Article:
Teaser: Sudamérica Part 1 [Trinity Continuum: Æon]
Welcome back! It’s been a few weeks since our last round of teasers for the core Trinity Continuum rulebook, so I asked Æon developer John Snead for a few tidbits for sharing. He gave me… well, he gave me a lot. Two teasers, but they’re each pretty big, so I’m splitting them each into two.
Here’s the first part of our first teaser, for Sudamérica. I figured we should start off with some familiar territory, which should give a decent overview of many of the nations which make up the continent, as well as give some hints as to the new direction we’re taking with some of the history and the Psi Orders (the Norça in particular).
Conflict has been the cornerstone of Sudamérica for centuries. A thousand forces continually pull at its social fabric, but fail to fully transform it. Instead, Sudamérica continues pushing forward. The continent is not a single, unified entity, but a collection of nations vying fiercely with each other for dominance. Their governments can be openly antagonistic, their economic policies downright predatory, but beneath that competition, a shared culture and identity has allowed Sudaméricans to face the challenges of past and present and take the reins of their own destiny.
The Nova Age pushed the nations of South America from the Third World into the First. Aided by their new heroes, South Americans began exploiting their natural resources at an unprecedented rate, leveraging their natural wealth against the needs of the rest of the planet. Without an advanced military to threaten them, Aberrants mostly left South America alone and only attacked targets of strategic importance to the United States and Europe, as well as factories established by foreign investment. These attacks were as rare as they were brutal. Aberrants transformed half of Venezuela into a living nightmare and pulverized much of Argentina’s infrastructure.
The Nova Age also gave birth to hundreds of small, remote settlements, which existed to extract local resources. Their only link to the rest of the world consisted of limited wireless connections. Isolation and spotty bandwidth spared much of the South American population from the Possession Crisis and the turmoil of the OpNet’s destruction. Here, the Urban Schism came early.
Rather than closing their borders after the Chinese Ultimatum, South American countries joined in a short-lived alliance, the Conferencia Sudaméricana de Reconstrucción y Comercio, or South American Conference for Reconstruction and Commerce was founded in 2068. Under this alliance, the members undertook an aggressive campaign to dominate their niches in the international market, and secure industrial selfsufficiency via expropriation and nationalization of local companies. This campaign prompted the change of “South America” into “Sudamérica” in common parlance, even if the Conference itself dissolved in 2076. Today, the Mayan League of Central America and the Andean Federation of Sudamérica’s western countries are the heirs of this alliance.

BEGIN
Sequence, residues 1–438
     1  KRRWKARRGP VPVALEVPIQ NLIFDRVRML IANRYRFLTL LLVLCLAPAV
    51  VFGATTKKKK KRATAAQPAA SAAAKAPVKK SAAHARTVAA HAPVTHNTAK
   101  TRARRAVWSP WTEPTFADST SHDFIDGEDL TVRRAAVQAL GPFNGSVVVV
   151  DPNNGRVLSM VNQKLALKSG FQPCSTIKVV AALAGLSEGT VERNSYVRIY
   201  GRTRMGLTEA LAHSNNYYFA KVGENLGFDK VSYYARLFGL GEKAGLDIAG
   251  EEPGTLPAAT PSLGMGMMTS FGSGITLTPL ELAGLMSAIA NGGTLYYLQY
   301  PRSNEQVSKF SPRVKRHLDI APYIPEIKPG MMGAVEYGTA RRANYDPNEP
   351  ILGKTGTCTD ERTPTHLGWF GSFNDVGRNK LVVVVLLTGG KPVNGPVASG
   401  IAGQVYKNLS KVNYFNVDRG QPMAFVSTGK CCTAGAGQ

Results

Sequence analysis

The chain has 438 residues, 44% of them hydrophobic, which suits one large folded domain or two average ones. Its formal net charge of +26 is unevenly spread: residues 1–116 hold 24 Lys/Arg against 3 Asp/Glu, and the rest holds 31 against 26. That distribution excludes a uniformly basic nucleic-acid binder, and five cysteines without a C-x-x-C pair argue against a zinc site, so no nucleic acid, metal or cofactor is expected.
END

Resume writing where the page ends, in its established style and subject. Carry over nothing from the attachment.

Able to meet the growing global demand by falling back on traditional ways of doing things, South America accelerated production and exploitation of natural resources. A growing number of people raised alarms about the potential risks for the environment, but most local governments ignored their concerns.
Governments continued to disregard the growing discontent about environmental destruction until a grassroots movement called Our Green Power, or Nossa Força Verde, began committing acts of virtual vandalism on the augmented reality landscapes of harvesting settlements across the Amazon. This campaign then swiftly spread to all of the Sudamérican cities.
“Nature is us,” “we are everywhere, we are everyone,” “the land is alive, and it watches.” These are but a few of the slogans that blocked digital adverts and corporate OpNet sites. All of these were signed by the Nossa Força Verde movement. The movement soon started leaking documents exposing dirty corporate deals and corrupt government officials, and then stories of lone activists sabotaging operations that were later proven to be abusing the local populace. Within two months, Nossa Força Verde had become a household name. Then the real ecoterrorism began.
Please Like and Share
Check this vid! It shows the governor of Quindio being bribed by a Lagos Metal rep! Did you hear they were letting them build a private cargo airport that would end up polluting the entire department? The people of Quindio and Colombia are against this! Spread it around to your contacts and help us stop this! Nature is us!
— Viral OpNet message, Nossa Força Verde, December 18, 2081.
The active hacktivism and sabotage inflicted by Nossa Força Verde was joined by actions by the common populace: sit-ins, blockades, and demonstrations. At the same time, small uprisings in remote settlements plagued every Sudamérican nation, often for reasons unrelated to environmentalism. The people demanded change.